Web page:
She arose to go in a hurry. Abate, my dear Charlotte, of half your other visits, and favour me with your company a little longer.

Give me some chocolate, then; and let me see your cousins Reeves; I like them. Of the ten visits, six of the ladies will be gone to sales or to plague tradesmen, and buy nothing; anywhere rather than at home; the devil's at home, is a phrase; and our modern ladies live as if they thought so. Two of the other four called upon me, and hardly alighted; I shall do so by them. The other two I shall have paid my compliments to in one quarter of an hour.

I rang for chocolate; and to beg my cousins' company.

They wanted but the word; in they came. My apartment (which she was pleased to admire,) then became the subject of a few moments' conversation; and then a much better took place: Sir Charles, I mean.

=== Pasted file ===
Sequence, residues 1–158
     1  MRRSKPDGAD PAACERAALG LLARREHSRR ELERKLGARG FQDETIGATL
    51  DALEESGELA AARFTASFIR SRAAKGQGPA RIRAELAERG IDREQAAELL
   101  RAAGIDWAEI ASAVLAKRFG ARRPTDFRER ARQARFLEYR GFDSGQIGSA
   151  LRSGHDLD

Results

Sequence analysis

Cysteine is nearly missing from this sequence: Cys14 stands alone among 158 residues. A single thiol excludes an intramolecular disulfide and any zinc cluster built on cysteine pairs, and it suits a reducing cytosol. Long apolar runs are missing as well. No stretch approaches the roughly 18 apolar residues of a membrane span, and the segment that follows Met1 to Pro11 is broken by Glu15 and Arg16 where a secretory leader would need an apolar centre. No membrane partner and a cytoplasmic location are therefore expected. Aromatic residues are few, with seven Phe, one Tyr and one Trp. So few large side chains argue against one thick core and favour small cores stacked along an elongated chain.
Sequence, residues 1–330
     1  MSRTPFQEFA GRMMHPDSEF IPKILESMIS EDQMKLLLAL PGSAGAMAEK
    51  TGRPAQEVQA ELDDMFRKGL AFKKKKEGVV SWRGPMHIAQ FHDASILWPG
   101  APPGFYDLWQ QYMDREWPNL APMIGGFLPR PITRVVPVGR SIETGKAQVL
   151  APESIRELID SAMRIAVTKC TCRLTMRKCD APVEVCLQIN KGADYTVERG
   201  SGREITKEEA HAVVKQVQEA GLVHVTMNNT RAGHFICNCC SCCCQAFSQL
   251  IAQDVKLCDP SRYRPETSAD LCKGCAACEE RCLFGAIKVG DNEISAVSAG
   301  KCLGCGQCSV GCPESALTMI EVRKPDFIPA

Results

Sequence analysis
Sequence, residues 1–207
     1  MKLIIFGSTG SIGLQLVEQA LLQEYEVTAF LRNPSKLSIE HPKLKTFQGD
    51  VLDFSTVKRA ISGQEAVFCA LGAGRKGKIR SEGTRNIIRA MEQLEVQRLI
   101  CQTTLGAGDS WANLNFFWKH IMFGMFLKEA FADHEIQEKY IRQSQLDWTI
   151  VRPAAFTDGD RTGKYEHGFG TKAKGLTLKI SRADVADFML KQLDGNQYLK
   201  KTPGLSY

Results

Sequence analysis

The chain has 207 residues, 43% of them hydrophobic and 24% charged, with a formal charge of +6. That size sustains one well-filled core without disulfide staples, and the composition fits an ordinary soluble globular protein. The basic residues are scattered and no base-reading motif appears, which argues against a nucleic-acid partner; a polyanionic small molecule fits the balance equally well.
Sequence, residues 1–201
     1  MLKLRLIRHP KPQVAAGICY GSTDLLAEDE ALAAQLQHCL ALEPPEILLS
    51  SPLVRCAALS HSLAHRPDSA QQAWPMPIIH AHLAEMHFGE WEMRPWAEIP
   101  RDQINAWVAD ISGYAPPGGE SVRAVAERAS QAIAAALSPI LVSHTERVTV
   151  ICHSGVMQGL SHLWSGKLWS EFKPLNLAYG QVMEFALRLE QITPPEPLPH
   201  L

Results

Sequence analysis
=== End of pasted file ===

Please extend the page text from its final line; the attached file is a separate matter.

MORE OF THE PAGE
I asked, if her brother had any relations at Canterbury?

I protest I don't know, said she; but this I know, that I have none there. Did I not hint to you, that Sir Charles has his secrets?-But he sometimes loves to play with my curiosity; he knows I have a reasonable quantity of that.

Were I his sister

Then you must do as he would have you, Harriet. I know him to be steady in his purposes; but he is, besides, so good, that I give up anything to oblige him

Your entanglement, Charlotte? asked I, smiling. Mr Reeves knows nothing from that word.

Why, yes, my entanglement; and yet I hate to think of it; so no more of that. It is the only secret I have kept from him; and that is, because he has no suspicion of the matter; if he had, though my life were to be the forfeit, I believe he would have it.